Text: H.R.428 — 107th Congress (2001-2002)All Information (Except Text)
Public Law No: 107-10 (05/28/2001)
[107th Congress Public Law 10]
[From the U.S. Government Printing Office]
[[Page 115 STAT. 17]]
Public Law 107-10
Concerning the participation of Taiwan in the World Health
Organization. <<NOTE: May 28, 2001 - [H.R. 428]>>
Be it enacted by the Senate and House of Representatives of the
United States of America in Congress assembled,
SECTION 1. CONCERNING THE PARTICIPATION OF TAIWAN IN THE WORLD HEALTH
(a) Findings.--The Congress makes the following findings:
(1) Good health is important to every citizen of the world
and access to the highest standards of health information and
services is necessary to improve the public health.
(2) Direct and unobstructed participation in international
health cooperation forums and programs is beneficial for all
parts of the world, especially with today's greater potential
for the cross-border spread of various infectious diseases such
as the human immunodeficiency virus (HIV), tuberculosis, and
(3) Taiwan's population of 23,500,000 people is larger than
that of \3/4\ of the member states already in the World Health
(4) Taiwan's achievements in the field of health are
substantial, including one of the highest life expectancy levels
in Asia, maternal and infant mortality rates comparable to those
of western countries, the eradication of such infectious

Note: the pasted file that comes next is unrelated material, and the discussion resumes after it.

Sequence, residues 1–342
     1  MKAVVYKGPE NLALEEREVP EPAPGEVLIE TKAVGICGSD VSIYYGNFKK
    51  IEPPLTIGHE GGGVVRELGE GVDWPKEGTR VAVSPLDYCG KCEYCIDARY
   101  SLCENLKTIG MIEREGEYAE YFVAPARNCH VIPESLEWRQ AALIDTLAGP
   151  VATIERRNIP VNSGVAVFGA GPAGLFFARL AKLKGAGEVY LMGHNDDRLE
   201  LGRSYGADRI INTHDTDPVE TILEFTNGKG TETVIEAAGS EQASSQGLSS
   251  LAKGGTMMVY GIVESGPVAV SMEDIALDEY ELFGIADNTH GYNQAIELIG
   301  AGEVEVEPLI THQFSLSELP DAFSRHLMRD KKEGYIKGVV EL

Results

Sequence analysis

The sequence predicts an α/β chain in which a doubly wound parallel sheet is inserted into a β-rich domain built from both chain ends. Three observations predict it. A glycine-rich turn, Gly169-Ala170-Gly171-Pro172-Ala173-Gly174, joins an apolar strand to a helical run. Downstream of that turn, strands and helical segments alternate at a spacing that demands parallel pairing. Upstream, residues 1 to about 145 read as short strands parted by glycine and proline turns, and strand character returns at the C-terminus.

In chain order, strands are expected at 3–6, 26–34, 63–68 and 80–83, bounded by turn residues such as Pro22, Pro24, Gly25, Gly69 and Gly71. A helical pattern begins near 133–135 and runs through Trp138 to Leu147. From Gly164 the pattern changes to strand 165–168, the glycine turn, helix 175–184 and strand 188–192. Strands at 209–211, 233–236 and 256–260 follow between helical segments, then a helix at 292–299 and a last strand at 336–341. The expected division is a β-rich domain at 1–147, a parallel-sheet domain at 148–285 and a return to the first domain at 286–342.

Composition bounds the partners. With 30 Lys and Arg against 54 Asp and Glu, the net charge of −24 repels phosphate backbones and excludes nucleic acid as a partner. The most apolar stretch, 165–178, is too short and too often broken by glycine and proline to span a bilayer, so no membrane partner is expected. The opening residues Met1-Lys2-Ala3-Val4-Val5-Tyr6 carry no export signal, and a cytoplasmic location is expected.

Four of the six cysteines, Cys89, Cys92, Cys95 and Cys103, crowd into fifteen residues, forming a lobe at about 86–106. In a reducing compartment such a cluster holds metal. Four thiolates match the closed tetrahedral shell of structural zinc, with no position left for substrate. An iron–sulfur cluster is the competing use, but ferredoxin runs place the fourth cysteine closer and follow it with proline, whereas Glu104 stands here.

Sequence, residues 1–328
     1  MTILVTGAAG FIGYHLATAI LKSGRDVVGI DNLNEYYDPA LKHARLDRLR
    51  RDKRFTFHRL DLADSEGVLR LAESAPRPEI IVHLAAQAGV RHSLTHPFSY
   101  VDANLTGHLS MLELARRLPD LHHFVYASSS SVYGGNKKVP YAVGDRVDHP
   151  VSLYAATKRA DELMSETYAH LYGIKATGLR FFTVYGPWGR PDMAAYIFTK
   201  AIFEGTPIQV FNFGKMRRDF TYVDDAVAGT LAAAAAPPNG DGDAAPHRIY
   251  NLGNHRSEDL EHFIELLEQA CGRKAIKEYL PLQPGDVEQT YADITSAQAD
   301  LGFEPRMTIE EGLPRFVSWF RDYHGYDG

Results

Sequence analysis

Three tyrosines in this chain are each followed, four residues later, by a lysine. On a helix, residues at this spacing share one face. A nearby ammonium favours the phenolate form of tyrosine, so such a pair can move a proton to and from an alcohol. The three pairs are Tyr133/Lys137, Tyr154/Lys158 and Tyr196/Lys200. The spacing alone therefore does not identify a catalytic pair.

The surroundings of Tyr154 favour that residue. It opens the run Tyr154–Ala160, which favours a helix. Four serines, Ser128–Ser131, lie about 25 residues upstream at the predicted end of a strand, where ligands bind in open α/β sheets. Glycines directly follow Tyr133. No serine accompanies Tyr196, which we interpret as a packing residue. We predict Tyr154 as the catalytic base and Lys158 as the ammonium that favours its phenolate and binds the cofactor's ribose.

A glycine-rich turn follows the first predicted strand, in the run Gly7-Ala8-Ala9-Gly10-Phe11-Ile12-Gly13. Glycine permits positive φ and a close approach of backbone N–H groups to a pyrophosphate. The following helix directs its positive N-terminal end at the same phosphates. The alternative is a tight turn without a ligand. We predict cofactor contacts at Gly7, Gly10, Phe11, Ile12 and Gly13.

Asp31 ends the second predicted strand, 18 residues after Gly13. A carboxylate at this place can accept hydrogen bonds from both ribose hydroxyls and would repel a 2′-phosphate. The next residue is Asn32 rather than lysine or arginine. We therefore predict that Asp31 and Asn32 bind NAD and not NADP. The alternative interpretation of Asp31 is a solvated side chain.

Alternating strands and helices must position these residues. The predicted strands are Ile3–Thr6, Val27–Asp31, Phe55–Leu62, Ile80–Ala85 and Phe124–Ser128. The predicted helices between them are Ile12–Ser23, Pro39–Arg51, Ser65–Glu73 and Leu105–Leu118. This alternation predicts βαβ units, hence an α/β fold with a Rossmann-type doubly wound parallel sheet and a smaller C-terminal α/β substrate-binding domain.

diseases as cholera, smallpox, and the plague, and the first to
eradicate polio and provide children with hepatitis B
(5) The United States Centers for Disease Control and
Prevention and its Taiwan counterpart agencies have enjoyed
close collaboration on a wide range of public health issues.
(6) In recent years Taiwan has expressed a willingness to
assist financially and technically in international aid and
health activities supported by the WHO.
(7) On January 14, 2001, an earthquake, registering between
7.6 and 7.9 on the Richter scale, struck El Salvador. In
response, the Taiwanese government sent 2 rescue teams,
consisting of 90 individuals specializing in firefighting,
medicine, and civil engineering. The Taiwanese Ministry of
Foreign Affairs also donated $200,000 in relief aid to the
(8) The World Health Assembly has allowed observers to
participate in the activities of the organization, including the
Palestine Liberation Organization in 1974, the Order of Malta,
and the Holy See in the early 1950's.
[[Page 115 STAT. 18]]
(9) The United States, in the 1994 Taiwan Policy Review,
declared its intention to support Taiwan's participation in
appropriate international organizations.
(10) Public Law 106-137 required the Secretary of State to
submit a report to the Congress on efforts by the executive
branch to support Taiwan's participation in international
organizations, in particular the WHO.
(11) In light of all benefits that Taiwan's participation in
the WHO can bring to the state of health not only in Taiwan, but
also regionally and globally, Taiwan and its 23,500,000 people
should have appropriate and meaningful participation in the WHO.
(b) Plan.--The Secretary of State is authorized--
(1) to initiate a United States plan to endorse and obtain
observer status for Taiwan at the annual week-long summit of the
World Health Assembly in May 2001 in Geneva, Switzerland; and
(2) to instruct the United States delegation to Geneva to
implement that plan.
(c) Report.--Not <<NOTE: Deadline.>> later than 14 days after the
date of the enactment of this Act, the Secretary of State shall submit a
written report to the Congress in unclassified form containing the plan
authorized under subsection (b).
Approved May 28, 2001.
LEGISLATIVE HISTORY--H.R. 428:
CONGRESSIONAL RECORD, Vol. 147 (2001):
Apr. 24, considered and passed House.
May 9, considered and passed Senate, amended.
May 15, House concurred in Senate amendment.